More than two years after former Senate candidate Todd Akin (R-MO) infamously claimed that victims of “legitimate rape” don’t often get pregnant because “the female body has ways to try to shut that whole thing down,” at least one of his GOP colleagues is still finding opportunities to work in the controversial phrase.
In an interview with Mother Jones to explain his justification for introducing a bill that requires women seeking an abortion to obtain notarized consent from the man who impregnated them, Missouri State Rep. Rick Brattin (R) said that his legislation includes an exception for victims of “legitimate rape.”
“Just like any rape, you have to report it, and you have to prove it,” Brattin told Mother Jones, which published his comments on Wednesday. “So you couldn’t just go and say, ‘Oh yeah, I was raped,’ and get an abortion. It has to be a legitimate rape… I’m just saying if there was a legitimate rape, you’re going to make a police report, just as if you were robbed.”
Brattin made an effort to distinguish his comments from Akin’s, saying he was just referring to the “common sense” idea that victims of sexual assault need to “take steps to show that you were raped.”
Mainstream conservative politicians — including Mitt Romney’s 2012 presidential campaign — also attempted to distance themselves from Akin after his “legitimate rape” comments sparked national backlash, saying that his views were “not reflective of the Republican Party.” GOP strategists even held training sessions to teach candidates to stop making controversial comments about sexual assault.
Nonetheless, the idea that some rapes are more “legitimate” than others, and particularly the underlying assumption that sexual assaults are only valid crimes if they’ve been reported to the police, is widespread. Policymakers have been writing it into our laws for years. Brattin is just the latest public official to explicitly articulate it.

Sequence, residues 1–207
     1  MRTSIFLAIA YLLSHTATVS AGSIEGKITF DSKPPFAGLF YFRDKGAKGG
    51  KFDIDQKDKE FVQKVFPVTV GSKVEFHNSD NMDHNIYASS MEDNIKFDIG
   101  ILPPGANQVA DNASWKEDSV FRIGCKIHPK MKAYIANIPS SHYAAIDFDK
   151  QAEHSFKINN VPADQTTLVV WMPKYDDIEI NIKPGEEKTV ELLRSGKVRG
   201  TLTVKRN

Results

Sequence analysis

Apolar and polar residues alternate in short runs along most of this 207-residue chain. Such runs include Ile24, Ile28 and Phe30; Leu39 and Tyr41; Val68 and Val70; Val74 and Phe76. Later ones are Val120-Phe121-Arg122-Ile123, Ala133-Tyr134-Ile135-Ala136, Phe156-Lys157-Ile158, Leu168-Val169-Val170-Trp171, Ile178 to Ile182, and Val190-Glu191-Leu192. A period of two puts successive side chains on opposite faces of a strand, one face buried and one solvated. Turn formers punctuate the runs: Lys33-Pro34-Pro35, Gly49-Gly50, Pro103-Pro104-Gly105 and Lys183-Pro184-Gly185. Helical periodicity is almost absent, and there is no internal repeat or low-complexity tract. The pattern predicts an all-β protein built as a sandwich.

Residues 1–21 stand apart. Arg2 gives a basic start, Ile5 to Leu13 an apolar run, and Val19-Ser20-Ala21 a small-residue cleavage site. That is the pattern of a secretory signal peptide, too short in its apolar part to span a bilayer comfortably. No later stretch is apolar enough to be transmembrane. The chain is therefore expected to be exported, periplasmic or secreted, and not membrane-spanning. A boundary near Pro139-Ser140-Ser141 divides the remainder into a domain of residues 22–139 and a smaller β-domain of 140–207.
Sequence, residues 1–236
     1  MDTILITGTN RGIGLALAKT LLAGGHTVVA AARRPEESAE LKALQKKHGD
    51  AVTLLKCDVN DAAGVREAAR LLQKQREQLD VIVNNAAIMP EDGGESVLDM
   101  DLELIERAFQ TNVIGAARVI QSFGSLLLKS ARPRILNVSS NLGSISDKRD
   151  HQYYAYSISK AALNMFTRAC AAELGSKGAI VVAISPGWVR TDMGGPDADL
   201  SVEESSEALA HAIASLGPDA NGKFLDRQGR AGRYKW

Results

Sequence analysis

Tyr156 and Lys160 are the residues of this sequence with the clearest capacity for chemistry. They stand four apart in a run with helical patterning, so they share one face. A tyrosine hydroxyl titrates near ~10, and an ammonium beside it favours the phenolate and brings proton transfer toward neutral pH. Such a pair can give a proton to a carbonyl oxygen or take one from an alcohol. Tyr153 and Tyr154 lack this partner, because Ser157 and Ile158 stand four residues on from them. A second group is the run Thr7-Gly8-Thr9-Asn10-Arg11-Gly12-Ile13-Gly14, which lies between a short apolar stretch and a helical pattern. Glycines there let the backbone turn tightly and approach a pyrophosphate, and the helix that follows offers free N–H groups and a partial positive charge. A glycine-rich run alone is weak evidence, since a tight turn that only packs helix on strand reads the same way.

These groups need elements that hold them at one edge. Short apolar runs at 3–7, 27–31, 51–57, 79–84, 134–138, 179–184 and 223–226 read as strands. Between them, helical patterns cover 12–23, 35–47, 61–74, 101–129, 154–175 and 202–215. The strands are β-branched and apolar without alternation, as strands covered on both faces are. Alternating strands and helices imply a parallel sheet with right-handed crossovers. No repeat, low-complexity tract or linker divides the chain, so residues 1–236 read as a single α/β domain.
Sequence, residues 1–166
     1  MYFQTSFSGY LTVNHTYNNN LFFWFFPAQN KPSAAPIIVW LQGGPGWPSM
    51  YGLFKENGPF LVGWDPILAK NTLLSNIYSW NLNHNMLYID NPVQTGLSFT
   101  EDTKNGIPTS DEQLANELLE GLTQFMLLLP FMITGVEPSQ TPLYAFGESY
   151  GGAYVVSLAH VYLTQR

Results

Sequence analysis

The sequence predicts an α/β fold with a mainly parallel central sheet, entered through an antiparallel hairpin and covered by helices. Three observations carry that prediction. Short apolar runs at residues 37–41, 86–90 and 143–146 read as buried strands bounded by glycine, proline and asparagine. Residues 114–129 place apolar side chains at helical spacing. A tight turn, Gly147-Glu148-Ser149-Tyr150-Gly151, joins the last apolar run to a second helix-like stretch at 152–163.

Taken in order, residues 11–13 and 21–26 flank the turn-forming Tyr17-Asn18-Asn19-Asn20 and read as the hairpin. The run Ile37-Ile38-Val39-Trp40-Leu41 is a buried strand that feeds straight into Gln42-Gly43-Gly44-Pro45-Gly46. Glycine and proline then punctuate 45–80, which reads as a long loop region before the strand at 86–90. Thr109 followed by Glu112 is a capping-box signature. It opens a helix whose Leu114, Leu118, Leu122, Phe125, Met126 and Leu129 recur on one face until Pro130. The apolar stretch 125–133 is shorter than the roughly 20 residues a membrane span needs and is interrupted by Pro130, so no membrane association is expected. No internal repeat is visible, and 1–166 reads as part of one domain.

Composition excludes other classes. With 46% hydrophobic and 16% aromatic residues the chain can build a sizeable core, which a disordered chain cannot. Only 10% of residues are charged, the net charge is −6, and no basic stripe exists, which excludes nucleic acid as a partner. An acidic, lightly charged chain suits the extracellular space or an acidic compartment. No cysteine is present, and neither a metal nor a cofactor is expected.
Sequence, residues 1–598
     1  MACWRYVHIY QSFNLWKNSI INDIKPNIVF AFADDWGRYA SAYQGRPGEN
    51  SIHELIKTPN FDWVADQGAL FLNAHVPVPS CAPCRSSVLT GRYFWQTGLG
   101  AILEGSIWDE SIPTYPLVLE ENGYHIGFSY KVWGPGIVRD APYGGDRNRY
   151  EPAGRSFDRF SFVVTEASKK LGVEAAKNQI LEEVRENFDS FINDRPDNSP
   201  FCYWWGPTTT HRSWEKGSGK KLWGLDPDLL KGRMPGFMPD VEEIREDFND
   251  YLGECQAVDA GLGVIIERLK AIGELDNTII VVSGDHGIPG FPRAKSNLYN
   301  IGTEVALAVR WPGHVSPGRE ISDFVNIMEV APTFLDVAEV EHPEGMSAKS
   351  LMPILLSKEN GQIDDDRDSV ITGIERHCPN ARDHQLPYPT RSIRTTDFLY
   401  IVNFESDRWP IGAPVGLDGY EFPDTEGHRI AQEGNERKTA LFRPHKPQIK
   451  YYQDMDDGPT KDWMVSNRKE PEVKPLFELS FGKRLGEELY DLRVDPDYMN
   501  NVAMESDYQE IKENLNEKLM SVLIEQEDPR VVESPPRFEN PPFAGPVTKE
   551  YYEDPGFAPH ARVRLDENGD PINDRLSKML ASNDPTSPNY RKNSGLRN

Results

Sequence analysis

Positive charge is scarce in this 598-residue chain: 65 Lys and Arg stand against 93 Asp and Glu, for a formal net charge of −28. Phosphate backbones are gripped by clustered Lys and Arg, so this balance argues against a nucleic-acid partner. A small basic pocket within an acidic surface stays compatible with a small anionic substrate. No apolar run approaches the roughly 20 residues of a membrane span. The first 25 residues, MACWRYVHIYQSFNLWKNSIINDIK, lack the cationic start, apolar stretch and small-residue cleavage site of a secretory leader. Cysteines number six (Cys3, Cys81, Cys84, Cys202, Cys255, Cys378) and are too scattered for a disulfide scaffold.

Particularly when abortion restrictions include rape exceptions, they’re often written in a way that forces women to prove that they were “legitimately” sexually assaulted. This is a standard requirement for state-level bans on Medicaid funding for abortion; many states force rape victims to produce a police report in order to get their abortion covered under that particular exemption. And in 2013, when House Republicans passed a national 20-week abortion ban, it included a provision that exempted rape victims as long as they can prove they filed a report with authorities.
This pops up in legislation outside of abortion rights, too. New Mexico recently floated a bill that would have required women to prove they were “forcibly raped” in order to receive childcare assistance for a child resulting from sexual assault. Pennsylvania considered a similar requirement for rape victims seeking an exception to the state’s cap on welfare benefits, requiring them to prove they reported the assault to the cops in order to bypass the state’s benefits reduction for additional kids.
Sexual assault prevention experts point out that, since rape is a vastly underreported crime — the majority of them are never reported to authorities, according to RAINN — these type of policies don’t work in practice. According to one study, for instance, just 37 percent of the women who qualify for eligible abortions under Medicaid’s exceptions actually end up getting their procedures funded by the program.
Even outside of the policy realm, there’s plenty of evidence that Americans view sexual assault on somewhat of a spectrum of legitimacy. For years, activists have been trying to make the point that acquaintance rapes or date rapes are just as serious as sexual assaults perpetrated by a stranger who uses a weapon like a knife or a gun. But according to recent surveys, it’s not uncommon for people to assume that date rape isn’t as heinous of a crime and is actually simply the victim’s fault.